A 2D mechanistic model of CO2 and water vapor movement in a leaf and photosynthesis.
Gas Flux from Band Application (GF-Band) is an MS Excel spreadsheet tool that calculates the effective gas flux from soil of a multiple-band area to which manure or fertilizer has been applied in bands. One spreadsheet is for circular gas flux chambers and another is for rectangular chambers.
This program models the photosynthetic response of 13 floriculture crops to light, temperature, or carbon dioxide (CO2) and allows users to estimate the impact of adjusting their greenhouse environment. You can predict the impact on photosynthesis for different management changes (shading, supplemental high pressure sodium lighting, CO2 injection,or heating or cooling).
Root Zone Water Quality Model 2 (RZWQM2) is a whole-system model for studying crop production and environmental quality under current and changing climate conditions. It emphasizes the effects of agricultural management practices on physical, chemical and biological processes. RZWQM2 is a one-dimensional model with a pseudo 2-dimensional drainage flow. Crop simulation options include the generic plant growth model, DSSAT-CSM 4.0 and HERMES SUCROS models. It also can simulate surface energy balance with components from the SHAW model and water erosion from the GLEAMS model. An automated parameter estimation algorithm (PEST) was added to RZWQM2 for objective model calibration and uncertainty analysis.
Simulates water, heat, carbon dioxide and solute movement in one-dimensional variably saturated media.
WEPPCAT is a web-based erosion simulation tool that allows for the assessment of changes in erosion rates as a consequence of user-defined climate change scenarios. This tool is based on the USDA-ARS Water Erosion Prediction Project (WEPP) erosion model.
Data from: Starch and dextrose at 2 levels of rumen-degradable protein in iso-nitrogenous diets: Effects on lactation performance, ruminal measurements, methane emission, digestibility, and nitrogen balance of dairy cows.
This feeding trial was designed to investigate two separate questions. The first question is, “What are the effects of substituting two non-fiber carbohydrate (NFC) sources at two rumen-degradable protein (RDP) levels in the diet on apparent total-tract nutrient digestibility, manure production and nitrogen (N) excretion in dairy cows?”. This is relevant because most of the N ingested by dairy cows is excreted, resulting in negative effects on environmental quality. The second question is, “Is phenotypic residual feed intake (pRFI) correlated with feed efficiency, N use efficiency, and metabolic energy losses (via urinary N and enteric CH4) in dairy cows?”. The pRFI is the difference between what an animal is expected to eat, given its level of productivity, and what it actually eats. The goal was to determine whether production of CH4, urinary N or fecal N is a driver of pRFI.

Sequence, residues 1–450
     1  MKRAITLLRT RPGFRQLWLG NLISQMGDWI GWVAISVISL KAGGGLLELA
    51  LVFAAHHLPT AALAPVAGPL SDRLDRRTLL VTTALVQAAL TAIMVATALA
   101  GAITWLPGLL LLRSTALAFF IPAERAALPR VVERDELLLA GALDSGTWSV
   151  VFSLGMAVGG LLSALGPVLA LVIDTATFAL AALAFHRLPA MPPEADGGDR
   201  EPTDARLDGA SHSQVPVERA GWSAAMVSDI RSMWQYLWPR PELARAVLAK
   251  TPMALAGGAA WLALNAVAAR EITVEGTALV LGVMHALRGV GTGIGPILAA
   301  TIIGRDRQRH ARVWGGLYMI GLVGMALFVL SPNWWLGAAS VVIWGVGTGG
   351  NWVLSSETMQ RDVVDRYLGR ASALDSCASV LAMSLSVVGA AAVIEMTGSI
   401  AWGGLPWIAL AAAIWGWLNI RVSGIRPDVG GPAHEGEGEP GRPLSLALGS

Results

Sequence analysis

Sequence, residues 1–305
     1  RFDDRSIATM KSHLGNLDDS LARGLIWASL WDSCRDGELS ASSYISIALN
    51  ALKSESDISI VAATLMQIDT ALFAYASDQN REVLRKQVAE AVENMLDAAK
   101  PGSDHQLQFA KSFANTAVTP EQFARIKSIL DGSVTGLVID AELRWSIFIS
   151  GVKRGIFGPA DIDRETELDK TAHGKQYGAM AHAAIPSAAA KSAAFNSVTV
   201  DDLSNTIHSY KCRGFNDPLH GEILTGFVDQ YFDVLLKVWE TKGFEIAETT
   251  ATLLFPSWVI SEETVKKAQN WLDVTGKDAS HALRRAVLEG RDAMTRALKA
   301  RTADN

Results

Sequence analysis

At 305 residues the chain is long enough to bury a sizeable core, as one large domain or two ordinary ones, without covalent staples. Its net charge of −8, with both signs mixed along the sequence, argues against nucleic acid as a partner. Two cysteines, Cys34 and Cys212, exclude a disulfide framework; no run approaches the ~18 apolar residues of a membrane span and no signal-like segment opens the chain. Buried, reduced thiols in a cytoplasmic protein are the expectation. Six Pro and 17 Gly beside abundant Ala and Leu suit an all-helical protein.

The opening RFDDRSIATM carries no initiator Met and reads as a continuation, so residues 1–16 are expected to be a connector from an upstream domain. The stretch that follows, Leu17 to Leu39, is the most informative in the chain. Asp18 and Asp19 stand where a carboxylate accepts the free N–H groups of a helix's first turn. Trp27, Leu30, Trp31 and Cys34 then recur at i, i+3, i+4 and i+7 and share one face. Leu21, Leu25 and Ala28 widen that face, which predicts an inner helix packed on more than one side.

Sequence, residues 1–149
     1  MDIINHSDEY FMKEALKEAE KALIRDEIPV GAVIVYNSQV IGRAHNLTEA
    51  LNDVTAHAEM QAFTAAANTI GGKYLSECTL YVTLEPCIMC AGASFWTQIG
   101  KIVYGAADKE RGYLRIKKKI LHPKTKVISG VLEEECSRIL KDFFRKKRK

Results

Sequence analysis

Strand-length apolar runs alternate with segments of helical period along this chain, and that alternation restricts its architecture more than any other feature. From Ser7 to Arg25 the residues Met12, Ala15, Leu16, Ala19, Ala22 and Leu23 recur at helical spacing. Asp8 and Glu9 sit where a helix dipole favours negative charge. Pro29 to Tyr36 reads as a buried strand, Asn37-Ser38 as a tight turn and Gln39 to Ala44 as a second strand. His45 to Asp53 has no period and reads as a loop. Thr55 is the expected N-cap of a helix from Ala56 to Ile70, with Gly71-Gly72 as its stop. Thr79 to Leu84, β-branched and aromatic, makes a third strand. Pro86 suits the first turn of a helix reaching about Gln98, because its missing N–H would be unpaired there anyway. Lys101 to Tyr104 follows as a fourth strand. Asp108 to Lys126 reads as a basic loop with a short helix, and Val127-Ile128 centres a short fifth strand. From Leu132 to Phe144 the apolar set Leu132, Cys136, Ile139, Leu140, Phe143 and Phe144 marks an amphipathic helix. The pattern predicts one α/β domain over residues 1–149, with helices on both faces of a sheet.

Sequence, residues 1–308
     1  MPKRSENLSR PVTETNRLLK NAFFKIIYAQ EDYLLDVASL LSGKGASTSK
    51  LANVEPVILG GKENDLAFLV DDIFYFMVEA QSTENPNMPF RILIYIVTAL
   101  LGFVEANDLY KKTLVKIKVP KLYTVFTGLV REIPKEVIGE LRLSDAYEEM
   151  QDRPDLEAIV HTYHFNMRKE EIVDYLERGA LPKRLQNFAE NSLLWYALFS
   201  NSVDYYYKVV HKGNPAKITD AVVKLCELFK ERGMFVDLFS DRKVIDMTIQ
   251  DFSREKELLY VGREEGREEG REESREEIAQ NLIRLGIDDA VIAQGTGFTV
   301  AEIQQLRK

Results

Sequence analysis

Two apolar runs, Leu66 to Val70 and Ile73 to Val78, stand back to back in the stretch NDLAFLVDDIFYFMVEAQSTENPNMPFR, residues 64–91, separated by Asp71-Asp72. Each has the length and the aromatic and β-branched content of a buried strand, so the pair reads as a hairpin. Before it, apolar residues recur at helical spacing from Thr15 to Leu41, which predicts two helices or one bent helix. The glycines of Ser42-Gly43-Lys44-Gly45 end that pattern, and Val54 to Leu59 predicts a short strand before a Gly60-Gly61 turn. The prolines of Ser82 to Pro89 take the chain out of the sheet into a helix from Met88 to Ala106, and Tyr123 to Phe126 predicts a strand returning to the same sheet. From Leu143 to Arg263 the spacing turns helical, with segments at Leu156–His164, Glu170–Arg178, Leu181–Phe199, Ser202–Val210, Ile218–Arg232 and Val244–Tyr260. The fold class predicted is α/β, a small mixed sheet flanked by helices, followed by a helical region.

Data from: Agro-environmental consequences of shifting from nitrogen- to phosphorus-based manure management of corn.
This experiment was designed to measure greenhouse gas (GHG) fluxes and related agronomic characteristics of a long-term corn-alfalfa rotational cropping system fertilized with manure (liquid versus semi-composted separated solids) from dairy animals. Different manure-application treatments were sized to fulfill two conditions: (1) an application rate to meet the agronomic soil nitrogen requirement of corn (“N-based” without manure incorporation, more manure), and (2) an application rate to match or to replace the phosphorus removal by silage corn from soils (“P-based” with incorporation, less manure). In addition, treatments tested the effects of liquid vs. composted-solid manure, and the effects of chemical nitrogen fertilizer. The controls consisted of non-manured inorganic N treatments (sidedress applications). These activities were performed during the 2014 and 2015 growing seasons as part of the Dairy Coordinated Agricultural Project, or Dairy CAP, as described below. The data from this experiment give insight into the factors controlling GHG emissions from similar cropping systems, and may be used for model calibration and validation after careful evaluation of the flagged data.
This download provides three datasets aggregated from the original output of the 172 crops; total emissions from croplands, per kilocalorie emissions from croplands and per food kilocalorie emissions from cropland.